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Feeding garden birds

Posted: Thursday 26 January 2012
by Kate Bradbury

How often do you clean your bird feeders? Once or twice a year? Whenever you refill them, or just when they’re looking dirty?


Blue tit on a peanut feeder, image courtesy of Ray Kennedy, RSPB Images

How often do you clean your bird feeders? Once or twice a year? Whenever you refill them, or just when they’re looking dirty? Never? I probably clean my feeders every three to six months. They’ve only ever attracted five birds: a pair each of blue tits and great tits, and a lone robin. But, despite the low traffic, from now on I’ll be cleaning my feeders much more regularly.

Research suggests that diseases, such as salmonella, trichomoniasis and avian pox, are becoming more prevalent in garden birds. Many have been present in low levels for years, with others restricted to just one or two species.

But recently, some diseases have become more common. Avian pox, for example, previously only affected woodpigeons and dunnocks. But it was seen for the first time in British great tits in 2006 and has now spread across southern England into Wales. In tits, the disease causes large pink lesions around the beak, wings and legs, which can inhibit sight and agility, making the birds more susceptible to predation.

Trichomoniasis is caused by the trichomonas parasite. This used to only affect pigeons, doves and birds of prey. But since 2005, it has spread to finches – particularly greenfinches – which have since suffered huge declines.

This is all very sad, but gardeners can help by keeping an eye out for signs of disease in their gardens, and keep their bird feeders clean. At this time of year, there are more birds visiting our feeders, increasing the potential for infection to spread. But while it’s impossible to diagnose a specific disease, it’s easy to spot a sick bird. Most birds on feeders are energetic, hopping from one perch to the next, but sick ones are often slow. Fluffed up and lethargic, they may have wet faces, because some diseases can prevent them from eating, so they regurgitate saliva and food.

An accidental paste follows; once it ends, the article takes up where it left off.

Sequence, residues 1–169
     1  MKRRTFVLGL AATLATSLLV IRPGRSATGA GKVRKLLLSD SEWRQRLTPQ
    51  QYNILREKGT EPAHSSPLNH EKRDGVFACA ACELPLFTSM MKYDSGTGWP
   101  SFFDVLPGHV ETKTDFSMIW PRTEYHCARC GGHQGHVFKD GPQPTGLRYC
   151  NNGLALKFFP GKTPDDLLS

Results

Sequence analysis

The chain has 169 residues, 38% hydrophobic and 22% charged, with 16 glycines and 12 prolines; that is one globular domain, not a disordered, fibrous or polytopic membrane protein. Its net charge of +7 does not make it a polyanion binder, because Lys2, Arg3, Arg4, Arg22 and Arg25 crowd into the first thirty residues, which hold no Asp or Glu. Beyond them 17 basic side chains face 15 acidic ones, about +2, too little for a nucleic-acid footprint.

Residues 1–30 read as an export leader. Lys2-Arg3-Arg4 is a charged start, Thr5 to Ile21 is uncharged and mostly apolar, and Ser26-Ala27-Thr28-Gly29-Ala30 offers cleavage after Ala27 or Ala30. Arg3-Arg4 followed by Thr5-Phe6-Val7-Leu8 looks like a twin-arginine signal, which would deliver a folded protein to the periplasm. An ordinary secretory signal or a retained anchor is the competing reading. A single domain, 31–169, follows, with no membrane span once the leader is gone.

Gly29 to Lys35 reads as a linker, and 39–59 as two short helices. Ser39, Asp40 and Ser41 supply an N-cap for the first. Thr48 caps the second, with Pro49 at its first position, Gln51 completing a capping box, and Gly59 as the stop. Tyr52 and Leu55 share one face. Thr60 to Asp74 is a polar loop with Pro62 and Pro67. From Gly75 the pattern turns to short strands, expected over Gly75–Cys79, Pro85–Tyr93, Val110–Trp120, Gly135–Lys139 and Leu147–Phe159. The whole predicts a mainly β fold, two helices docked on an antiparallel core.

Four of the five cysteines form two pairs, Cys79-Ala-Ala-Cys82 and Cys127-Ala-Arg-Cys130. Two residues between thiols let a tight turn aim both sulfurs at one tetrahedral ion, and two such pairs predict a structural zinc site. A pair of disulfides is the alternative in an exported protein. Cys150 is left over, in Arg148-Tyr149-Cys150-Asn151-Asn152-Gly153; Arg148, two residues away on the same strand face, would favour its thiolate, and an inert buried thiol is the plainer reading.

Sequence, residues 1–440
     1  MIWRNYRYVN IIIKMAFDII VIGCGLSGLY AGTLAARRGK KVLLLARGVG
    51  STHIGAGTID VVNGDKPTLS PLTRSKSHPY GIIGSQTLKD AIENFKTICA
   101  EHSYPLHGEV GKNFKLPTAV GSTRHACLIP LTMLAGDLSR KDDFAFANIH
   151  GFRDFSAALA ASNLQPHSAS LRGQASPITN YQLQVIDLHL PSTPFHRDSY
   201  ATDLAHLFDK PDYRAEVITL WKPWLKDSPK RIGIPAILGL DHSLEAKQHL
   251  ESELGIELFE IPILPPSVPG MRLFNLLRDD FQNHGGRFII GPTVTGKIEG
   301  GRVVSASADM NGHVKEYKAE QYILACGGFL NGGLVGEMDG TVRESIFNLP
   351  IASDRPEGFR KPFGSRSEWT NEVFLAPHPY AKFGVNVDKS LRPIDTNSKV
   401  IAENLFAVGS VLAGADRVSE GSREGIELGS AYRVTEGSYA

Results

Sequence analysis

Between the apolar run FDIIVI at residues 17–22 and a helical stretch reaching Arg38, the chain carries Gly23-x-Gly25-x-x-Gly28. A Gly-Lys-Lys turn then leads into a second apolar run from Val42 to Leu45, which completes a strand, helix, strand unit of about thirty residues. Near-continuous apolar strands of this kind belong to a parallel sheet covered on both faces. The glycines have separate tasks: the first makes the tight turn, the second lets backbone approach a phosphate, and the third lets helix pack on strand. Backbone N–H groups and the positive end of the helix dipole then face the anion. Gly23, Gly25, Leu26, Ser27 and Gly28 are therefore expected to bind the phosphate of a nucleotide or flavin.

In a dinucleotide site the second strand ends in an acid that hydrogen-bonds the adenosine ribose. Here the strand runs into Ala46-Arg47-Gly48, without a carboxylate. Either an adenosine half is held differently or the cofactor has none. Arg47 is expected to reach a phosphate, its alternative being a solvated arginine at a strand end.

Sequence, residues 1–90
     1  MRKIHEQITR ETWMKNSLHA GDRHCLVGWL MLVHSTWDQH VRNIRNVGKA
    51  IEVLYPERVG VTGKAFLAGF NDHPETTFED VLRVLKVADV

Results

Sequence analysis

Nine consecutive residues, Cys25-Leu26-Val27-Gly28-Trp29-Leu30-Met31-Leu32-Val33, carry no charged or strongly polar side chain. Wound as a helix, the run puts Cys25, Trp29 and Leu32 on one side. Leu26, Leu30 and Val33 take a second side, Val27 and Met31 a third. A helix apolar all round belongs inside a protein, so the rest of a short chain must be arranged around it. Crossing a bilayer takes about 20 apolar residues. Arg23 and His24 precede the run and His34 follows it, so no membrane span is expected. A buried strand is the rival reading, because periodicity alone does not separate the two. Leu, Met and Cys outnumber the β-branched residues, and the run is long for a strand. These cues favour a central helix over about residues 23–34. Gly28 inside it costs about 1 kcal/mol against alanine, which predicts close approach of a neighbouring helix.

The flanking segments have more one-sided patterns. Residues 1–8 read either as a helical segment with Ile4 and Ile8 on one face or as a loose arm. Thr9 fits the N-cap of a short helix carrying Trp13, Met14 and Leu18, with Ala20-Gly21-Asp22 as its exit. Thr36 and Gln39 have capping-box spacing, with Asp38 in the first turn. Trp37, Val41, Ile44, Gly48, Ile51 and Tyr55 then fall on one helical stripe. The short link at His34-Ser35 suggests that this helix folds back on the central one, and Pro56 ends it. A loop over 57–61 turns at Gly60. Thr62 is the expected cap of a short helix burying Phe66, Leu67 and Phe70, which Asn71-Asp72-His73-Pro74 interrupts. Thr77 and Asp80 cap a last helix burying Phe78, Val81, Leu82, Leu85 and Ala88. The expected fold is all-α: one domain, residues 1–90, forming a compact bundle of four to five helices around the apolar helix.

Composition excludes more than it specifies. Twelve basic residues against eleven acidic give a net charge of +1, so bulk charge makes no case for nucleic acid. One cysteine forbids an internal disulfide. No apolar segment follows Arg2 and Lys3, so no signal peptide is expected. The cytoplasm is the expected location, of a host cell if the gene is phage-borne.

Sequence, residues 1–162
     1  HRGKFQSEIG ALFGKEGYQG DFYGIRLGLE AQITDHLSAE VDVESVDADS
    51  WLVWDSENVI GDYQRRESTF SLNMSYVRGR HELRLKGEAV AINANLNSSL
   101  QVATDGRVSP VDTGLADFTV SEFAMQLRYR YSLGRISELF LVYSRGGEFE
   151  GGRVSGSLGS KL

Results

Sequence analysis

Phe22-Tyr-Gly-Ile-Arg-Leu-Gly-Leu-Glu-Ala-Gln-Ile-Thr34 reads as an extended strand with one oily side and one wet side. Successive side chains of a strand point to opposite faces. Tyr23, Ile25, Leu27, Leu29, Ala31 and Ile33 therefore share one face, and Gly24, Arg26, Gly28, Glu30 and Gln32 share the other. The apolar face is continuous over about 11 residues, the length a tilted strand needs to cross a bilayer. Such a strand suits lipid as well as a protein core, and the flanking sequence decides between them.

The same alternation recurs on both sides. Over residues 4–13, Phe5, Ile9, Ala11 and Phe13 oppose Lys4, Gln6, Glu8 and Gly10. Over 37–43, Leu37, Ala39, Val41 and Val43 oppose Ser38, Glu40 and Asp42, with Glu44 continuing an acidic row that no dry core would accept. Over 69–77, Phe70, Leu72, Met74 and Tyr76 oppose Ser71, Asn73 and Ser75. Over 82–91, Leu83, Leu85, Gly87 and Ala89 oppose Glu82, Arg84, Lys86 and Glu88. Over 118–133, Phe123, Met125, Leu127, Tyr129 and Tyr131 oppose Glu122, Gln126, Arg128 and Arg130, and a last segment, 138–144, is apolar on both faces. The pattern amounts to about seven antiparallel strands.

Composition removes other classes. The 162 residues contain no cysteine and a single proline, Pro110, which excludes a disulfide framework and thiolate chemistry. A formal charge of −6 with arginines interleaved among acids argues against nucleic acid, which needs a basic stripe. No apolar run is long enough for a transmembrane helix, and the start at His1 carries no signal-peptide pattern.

So if you’ll be sitting down watching birds for the Big Garden Birdwatch this weekend, keep a close eye on bird activity. If you see signs of disease, empty and clean your feeders immediately. Invest in new feeders if you can – many are now easy to clean and some even come with antibacterial properties. Regularly move your feeding station to another part of the garden, as dropped saliva, food and droppings can infect other birds.

(You can help the experts track the spread and monitor national bird diseases by reporting sightings of sick or dead birds to the RSPB by calling 01767 693 690. To find out more about how you can help birds, and for information on the common diseases affecting garden birds, visit the Garden Bird Health Initiative pages.)



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Adam Pasco 27/01/2012 at 16:53

Good advice, Kate. And it's not just bird feeders that must be kept clean, but bird baths too. Possibly it's even more important to keep bird baths clean, and I scrub mine every month.

I've also recently emptied out a bird nest box, and sterilised it with boiling water.
It doesn't take long, and is time well spent if it helps keep my garden bird population healthy.

oldchippy 29/01/2012 at 15:15

Hi Kate,I think the bird's Know it's Big Bird watch Day again as last year we have had very little bird activity in the garden.

greenjude 09/02/2012 at 20:15

Very good advice, Kate, but it isn't always practical to move the feeders, especially in a small garden. I move mine back and forth about 1½m but I'm not sure that's far enough to make much difference. I'm considering regularly removing the top layer of soil (with grass, weeds and sprouted seeds!) and replacing with soil from elsewhere, or putting paving slabs under the feeders that I can clean.